“The NBA 2K League is a professional gaming circuit co-founded by the NBA and Take-Two Interactive Software, the parent company of 2K Sports. Its season began early in April and will end with its championship on Aug. 3. Last year, it became the first official esports league operated by a U.S. professional sports league, opening with 17 teams. Four teams were added this season, including the Lakers, and plans call for every NBA team to have its own 2K team.

“We have the NBA, the WNBA and the G League, and this is the fourth league in our family,” NBA commissioner Adam Silver says. “And that’s exactly as we’re treating it; one more professional league.”

“The 2K players earn about as much, and in some cases more, than G League players. All NBA 2K players who competed in the inaugural season and were retained by their teams receive a base salary of $37,000 for the six-month season. First-round selections in the 2019 NBA 2K League Draft collect a base of $35,000; players selected in the second round or later receive a $33,000 base salary. G League players earned a base of $35,000 during the last regular season.

“The 2K players also receive free housing in their home-team market during the season, plus relocation expenses, medical insurance and a retirement plan.

“Players on good teams can potentially earn six figures because the league awards $1.2 million in prize money throughout the season — with $360,000 awarded to the league champion.”

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Back to your humble host here: Aren’t you sad now that you yelled at your kids for spending too much time playing video games?

Sports poll

The Dodgers have the best record in baseball, but some fans are concerned that their bullpen will cost them a possible World Series title. So this week’s question is, do you think the Dodgers will win the World Series this year? Vote in our poll by clicking here, or email me at houston.mitchell@latimes.com. Results will be revealed next week.

Results from last week’s poll: We asked “Who will win the NBA’s Western Conference next season?” After 6,102 votes, here are the results:

Lakers, 45.4%

Clippers, 29.4%

Golden State, 7.3%

Houston, 5.8%

Denver, 4.6%

Portland, 3.1%

Utah, 2.7%

Other, 1.7% (San Antonio, Phoenix and Sacramento received the most votes in “other”).

Your favorite sports moment

What is your favorite all-time L.A. sports moment? Click here to tell me what it is and why, and I’ll start running them in future newsletters. And yes, if your favorite moment is about the Angels or Ducks or a team just outside of L.A., I’ll count that too. And the moment doesn’t have to have happened in L.A., just needs to involve an area team.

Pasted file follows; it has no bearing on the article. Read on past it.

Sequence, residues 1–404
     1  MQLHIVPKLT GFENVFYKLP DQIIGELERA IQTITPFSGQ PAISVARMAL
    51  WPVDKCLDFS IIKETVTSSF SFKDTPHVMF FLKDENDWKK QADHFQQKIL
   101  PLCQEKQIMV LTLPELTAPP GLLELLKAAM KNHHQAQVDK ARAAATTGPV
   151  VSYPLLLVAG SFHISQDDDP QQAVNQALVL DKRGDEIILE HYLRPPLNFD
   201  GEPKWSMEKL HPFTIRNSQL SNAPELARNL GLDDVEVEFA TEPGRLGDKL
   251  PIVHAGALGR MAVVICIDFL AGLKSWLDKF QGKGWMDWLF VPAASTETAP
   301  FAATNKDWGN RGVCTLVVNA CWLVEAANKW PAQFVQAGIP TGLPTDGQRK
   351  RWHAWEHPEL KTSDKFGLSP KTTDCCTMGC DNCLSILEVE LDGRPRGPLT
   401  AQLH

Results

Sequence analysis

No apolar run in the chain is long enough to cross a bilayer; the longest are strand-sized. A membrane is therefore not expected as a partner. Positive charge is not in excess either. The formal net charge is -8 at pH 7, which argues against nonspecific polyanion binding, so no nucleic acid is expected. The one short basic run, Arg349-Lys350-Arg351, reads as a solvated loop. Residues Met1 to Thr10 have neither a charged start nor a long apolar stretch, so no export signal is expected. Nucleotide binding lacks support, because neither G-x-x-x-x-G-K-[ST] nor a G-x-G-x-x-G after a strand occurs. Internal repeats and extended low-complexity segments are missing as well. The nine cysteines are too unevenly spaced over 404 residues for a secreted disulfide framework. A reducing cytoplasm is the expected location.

Odds and ends

Mike Trout sits out, but Angels optimistic about injury…. Angels defeat Astros, 9-6…. Angels aren’t back to normal, but are getting better…. Former Kings defenseman Slava Voynov signs with Russian club…. Ducks hire Kevin Dineen as a minor league coach…. Del Mar, ‘Where the turf meets the surf,’ has a new slogan for summer meeting…. Sparks Nneka Ogwumike named a WNBA All-Star game reserve…. Justin Houston brings ‘eighth-year senior’ maturity to Gardena Serra…. New Jersey Devils mascot shatters a giant window at a child’s birthday party

Other newsletters

We also have other newsletters you can subscribe to for free. They are emailed to you and we don’t sell your name to other companies, so no spam from us. They are:

Our Dodgers newsletter, written by me. Subscribe here.

Lakers newsletter, written by Tania Ganguli. Subscribe here.

Horse racing newsletter, written by John Cherwa. Subscribe here.

Soccer newsletter, written by Kevin Baxter. Subscribe here.

Today’s local major sports schedule

Dodgers at Philadelphia, 4 p.m., Sportsnet LA, AM 570

Houston at Angels, 7 p.m., FSW, AM 830

Born on this date

1887: Baseball player Shoeless Joe Jackson

1932: NFL player Max McGee

1942: Tennis player Margaret Court

1943: College/NFL coach Jimmy Johnson

1946: NFL player Ron Yary

1959: NFL player Gary Anderson

1960: Baseball player Terry Pendleton

1964: Cyclist Miguel Indurain

1968: NFL player Barry Sanders

1979: Trap and skeet shooter Kim Rhode

Died on this date

1995: Race car driver Juan Manuel Fangio, 84

2016: Basketball player Nate Thurmond, 74

And finally

Pernell Whitaker vs Julio Cesar Chavez. Watch it here.

That concludes the newsletter for today. If you have any feedback, ideas for improvement or things you’d like to see, please email us here. If you want to subscribe, click here.